Americans pay a great deal of money for their roads — from taxes on their gasoline to parts of their general income — but they don't get a whole lot of road safety in return. A report [PDF] from the University of Michigan Transportation Research Institute, released last month, compared road fatality statistics in the United States with those in Sweden, the Netherlands, and the United Kingdom. Guess which per capita fatality rate was about three times greater than the others.
With so much love for roads, what is the United States neglecting when it comes to road safety? To find an answer, researchers Juha Luoma and Michael Sivak dug a bit deeper into the numbers. They found several contributing factors, including relatively loose speeding, seat belt, and drunk driving enforcement, but the biggest reason was staring everyone in the face: Americans drive a lot more than others.
From 2006 to 2010 there were an average of roughly 37,600 annual road deaths in the United States. (On the positive side, the figures declined each year.) The annual averages in Sweden (387), the Netherlands (659) and the U.K. (roughly 2,650) were considerably lower, but of course so are those populations. In the measure of fatalities per million people, however, the United States didn't fare any better: that rate was about 124, compared to roughly 40 in the other nations.
By other fatality measures the United States holds up slightly better. The rate of 146 deaths per million cars is only about double that of the leading European countries (a bit above 70 on average). Meantime the rate of 7 deaths per billion kilometers traveled is maybe a point and a half above the other countries, which hover just below 5 on average. To the chart:
Much of the problem, according to Luoma and Sivak, is how much Americans drive. The average vehicle distance per person in the United States during the time period studied was roughly 15,500 kilometers. The United Kingdom, by comparison, averaged a bit more than 8,300 kilometers, with Sweden (8,800) and Netherlands (7,700) in the same ballpark.
A closer comparison with England found that the greater driving distance per licensed driver in the United States was the "main factor" in the safety disparity. For 2009, if America had the same fatality rate as the U.K., then nearly 23,000 lives would have been saved. Of these, a little more than half (12,345) were the result of distance driven per licensed driver.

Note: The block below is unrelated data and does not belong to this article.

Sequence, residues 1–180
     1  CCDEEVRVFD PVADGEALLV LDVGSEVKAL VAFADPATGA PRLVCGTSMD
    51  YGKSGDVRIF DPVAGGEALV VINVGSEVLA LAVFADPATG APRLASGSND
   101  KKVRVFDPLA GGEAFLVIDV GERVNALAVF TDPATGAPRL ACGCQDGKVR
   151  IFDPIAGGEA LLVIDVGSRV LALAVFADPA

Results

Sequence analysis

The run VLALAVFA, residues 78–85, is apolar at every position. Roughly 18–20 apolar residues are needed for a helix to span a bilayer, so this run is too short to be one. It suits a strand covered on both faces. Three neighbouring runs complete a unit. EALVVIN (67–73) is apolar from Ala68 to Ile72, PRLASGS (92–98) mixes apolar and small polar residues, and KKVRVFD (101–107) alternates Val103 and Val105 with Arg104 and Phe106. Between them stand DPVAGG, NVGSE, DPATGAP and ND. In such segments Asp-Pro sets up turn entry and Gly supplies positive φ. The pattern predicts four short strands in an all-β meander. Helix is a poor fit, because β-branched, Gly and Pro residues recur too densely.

Urban roads played a significant role. About half the distance driven in 2009 came on city roads and streets. All told they accounted for nearly 12,500 deaths — a little more than a third of the yearly total. (Limited-access highways, in contrast, proved rather safe.)
Of course there are many factors at play when it comes to road fatalities. Luoma and Sivak also considered a number of road safety laws and found the United States a bit behind the curve on these too. Americans tolerate blood-alcohol levels a bit higher than some comparison countries, have slightly worse rates of seat belt use, and drive a lot faster. (One survey of 30 states from 2006 found that three-quarters of drivers sped on urban arterial roads — compared to just 8 percent of drivers in the U.K.)
So where does that leave things? Luoma and Sivak offer a few humble recommendations: lower the acceptable blood-alcohol levels a bit, reduce speed limits (especially in cities), and improve seat belt laws. Above all, to address the larger problem of driving distance, they suggest implementing stronger urban planning measures (presumably increasing density and mixed-use development) and building better mass transit systems:
The countermeasures to be recommended would lead to only limited restrictions on driver behavior or privacy, but would likely result in substantial benefits in terms of human life saved, suffering avoided, and expenses avoided.
These are modest proposals, to say the least, but they come with a big catch: whether or not you think they're acceptable probably depends on how much you drive.